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Experts Update Clinical Practices Guideline for Earwax Impaction

By Labmedica International staff writers
Posted on 24 Jan 2017
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Image: Impacted cerumen (green-yellow in diagram) can completely obstruct the ear canal (Photo courtesy of Schwartz SR et al / American Academy of Otolaryngology – Head and Neck Surgery Foundation).
Image: Impacted cerumen (green-yellow in diagram) can completely obstruct the ear canal (Photo courtesy of Schwartz SR et al / American Academy of Otolaryngology – Head and Neck Surgery Foundation).
An new guideline from the American Academy of Otolaryngology – Head and Neck Surgery Foundation provides updated evidence-based recommended practices for diagnosis and treatment of cerumen impaction as well as for patient education on healthy ear care.

“This update is significant because it not only provides best practices for clinicians in managing cerumen impaction, it is a strong reminder to patients that ear health starts with them, and there are many things they should do as well as many things that they should stop doing immediately to prevent damage to their ears,” said Seth R. Schwartz, MD, MPH, chair of the guideline update group, “There is an inclination for people to want to clean their ears because they believe earwax is an indication of uncleanliness. This misinformation leads to unsafe ear health habits.”

Cerumen (earwax) is a normal substance that the body continually produces to self-clean, protect, and “oil” the ears to help keep them healthy. Dirt, dust, and other small matter stick to the earwax, which prevent them from getting farther into the ear. Chewing, jaw motion, and growing skin in the ear canal help to move old earwax from inside to the ear opening where it then flakes off or is washed off during bathing.

Under some circumstances this self-cleaning process may not work well and lead to a buildup of earwax such that it collects in and blocks, or partly block, the ear canal. Excessive or impacted cerumen is present in 1 in 10 children, 1 in 20 adults, and more than 1 in 3 of the geriatric and developmentally delayed populations. Impacted earwax can cause symptoms like ear itching, mild pain, feeling of fullness in the ear, ringing in the ear (tinnitus), hearing loss, discharge coming from the ear, odor coming from the ear, cough, and/or change in hearing aid function.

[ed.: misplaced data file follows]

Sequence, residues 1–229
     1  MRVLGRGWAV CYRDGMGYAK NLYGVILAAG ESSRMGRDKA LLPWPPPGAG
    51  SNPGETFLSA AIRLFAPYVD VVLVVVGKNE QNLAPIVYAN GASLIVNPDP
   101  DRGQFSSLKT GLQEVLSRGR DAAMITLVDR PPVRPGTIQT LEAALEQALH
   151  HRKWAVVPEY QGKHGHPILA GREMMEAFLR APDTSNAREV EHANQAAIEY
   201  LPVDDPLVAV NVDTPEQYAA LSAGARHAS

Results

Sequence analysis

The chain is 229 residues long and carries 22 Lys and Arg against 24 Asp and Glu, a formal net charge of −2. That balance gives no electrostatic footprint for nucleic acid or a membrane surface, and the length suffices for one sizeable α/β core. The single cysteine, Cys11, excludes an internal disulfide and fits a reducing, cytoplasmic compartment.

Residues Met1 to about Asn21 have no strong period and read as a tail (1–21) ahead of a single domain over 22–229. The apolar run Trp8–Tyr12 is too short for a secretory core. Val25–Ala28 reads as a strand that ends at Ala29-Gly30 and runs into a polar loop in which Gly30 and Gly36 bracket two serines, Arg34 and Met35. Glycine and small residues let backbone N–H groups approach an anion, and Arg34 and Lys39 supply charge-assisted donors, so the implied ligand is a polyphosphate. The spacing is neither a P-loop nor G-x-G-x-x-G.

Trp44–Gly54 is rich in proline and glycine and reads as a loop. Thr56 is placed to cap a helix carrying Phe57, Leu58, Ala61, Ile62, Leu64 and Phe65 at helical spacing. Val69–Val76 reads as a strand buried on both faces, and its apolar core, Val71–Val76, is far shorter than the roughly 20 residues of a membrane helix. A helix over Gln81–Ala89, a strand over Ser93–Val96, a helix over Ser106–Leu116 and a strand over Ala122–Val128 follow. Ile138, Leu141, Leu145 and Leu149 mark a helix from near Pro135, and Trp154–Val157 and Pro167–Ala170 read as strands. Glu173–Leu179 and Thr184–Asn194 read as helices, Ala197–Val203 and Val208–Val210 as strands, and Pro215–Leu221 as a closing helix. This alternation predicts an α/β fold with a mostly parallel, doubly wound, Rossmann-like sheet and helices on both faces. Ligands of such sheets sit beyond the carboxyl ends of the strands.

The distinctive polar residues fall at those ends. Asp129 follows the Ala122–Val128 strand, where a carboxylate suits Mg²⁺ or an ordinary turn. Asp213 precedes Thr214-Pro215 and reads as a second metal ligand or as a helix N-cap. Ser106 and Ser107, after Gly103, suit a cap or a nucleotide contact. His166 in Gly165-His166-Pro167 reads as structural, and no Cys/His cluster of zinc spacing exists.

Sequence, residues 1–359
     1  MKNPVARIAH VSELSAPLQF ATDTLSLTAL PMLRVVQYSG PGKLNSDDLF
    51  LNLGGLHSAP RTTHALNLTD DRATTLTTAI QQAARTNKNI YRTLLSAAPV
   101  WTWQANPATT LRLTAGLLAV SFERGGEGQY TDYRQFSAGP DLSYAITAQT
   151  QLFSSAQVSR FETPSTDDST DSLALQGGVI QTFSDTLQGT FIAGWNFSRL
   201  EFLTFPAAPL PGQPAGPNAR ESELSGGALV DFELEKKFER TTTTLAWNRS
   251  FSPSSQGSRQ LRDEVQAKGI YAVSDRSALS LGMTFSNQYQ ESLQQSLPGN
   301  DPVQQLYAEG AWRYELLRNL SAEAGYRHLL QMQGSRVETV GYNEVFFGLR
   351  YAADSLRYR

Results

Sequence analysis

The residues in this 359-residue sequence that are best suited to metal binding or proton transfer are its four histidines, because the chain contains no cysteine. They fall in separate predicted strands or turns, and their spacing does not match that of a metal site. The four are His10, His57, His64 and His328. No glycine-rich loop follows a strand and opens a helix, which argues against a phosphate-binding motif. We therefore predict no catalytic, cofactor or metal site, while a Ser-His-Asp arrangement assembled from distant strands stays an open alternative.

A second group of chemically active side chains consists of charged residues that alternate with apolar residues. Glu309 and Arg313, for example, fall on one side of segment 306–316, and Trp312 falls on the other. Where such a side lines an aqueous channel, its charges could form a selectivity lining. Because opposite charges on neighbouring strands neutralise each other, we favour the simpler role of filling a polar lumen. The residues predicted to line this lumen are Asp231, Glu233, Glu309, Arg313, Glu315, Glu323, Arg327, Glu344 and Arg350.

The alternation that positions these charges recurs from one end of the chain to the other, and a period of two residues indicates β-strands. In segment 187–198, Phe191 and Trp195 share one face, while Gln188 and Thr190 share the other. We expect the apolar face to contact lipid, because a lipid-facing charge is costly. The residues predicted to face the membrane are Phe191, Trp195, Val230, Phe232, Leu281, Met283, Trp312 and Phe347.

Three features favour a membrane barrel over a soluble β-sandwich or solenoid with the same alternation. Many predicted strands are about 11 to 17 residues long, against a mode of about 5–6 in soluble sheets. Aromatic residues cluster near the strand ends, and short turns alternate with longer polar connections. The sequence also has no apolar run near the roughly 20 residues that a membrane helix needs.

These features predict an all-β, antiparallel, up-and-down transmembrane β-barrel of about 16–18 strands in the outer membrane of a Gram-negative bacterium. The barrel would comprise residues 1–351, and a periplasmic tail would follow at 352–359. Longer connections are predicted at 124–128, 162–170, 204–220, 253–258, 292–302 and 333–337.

“Patients often think that they are preventing earwax from building up by cleaning out their ears with cotton swabs, paper clips, ear candles, or any number of unimaginable things that people put in their ears. The problem is that this effort to eliminate earwax is only creating further issues,” Dr. Schwartz said, “Anything that fits in the ear could cause serious harm to the ear drum and canal with the potential for temporary or even permanent damage.”

The primary purpose of the updated guideline is to help clinicians identify patients with cerumen impaction who may benefit from intervention. New evidence, systematic reviews, randomized control trials, observational studies, and an evolved methodology, which included a consumer representative, were at the foundation of the update. The update also provides a table of dos and don’ts for clinicians to help further educate patients.

“The update to the 2008 guidelines encompasses a variety of tools for clinicians in treating and communicating with their patients,” said Dr. Schwartz, “This includes an algorithm showing the interrelationship of key action statements in a cohesive and understandable way as well as enhanced information on patient education. Having the consumer perspective on the guideline update group provided us a value-added opportunity to incorporate more extensive patient counseling within our treatment protocols.”

The update is endorsed by American Academy of Family Physicians (AAFP), American Academy of Pediatrics (AAP), American Geriatric Society (AGS), American Neurotology Society (ANS), American Otological Society (AOS), American Society of Geriatric Otolaryngology (ASGO), and Society of Otorhinolaryngology and Head-Neck Nurses (SOHN). Additionally, it is supported by American Speech-Language-Hearing Association (ASHA).

The guideline, by Schwartz SR et al, was published as a supplement to the January 2017 issue of the journal Otolaryngology–Head and Neck Surgery.

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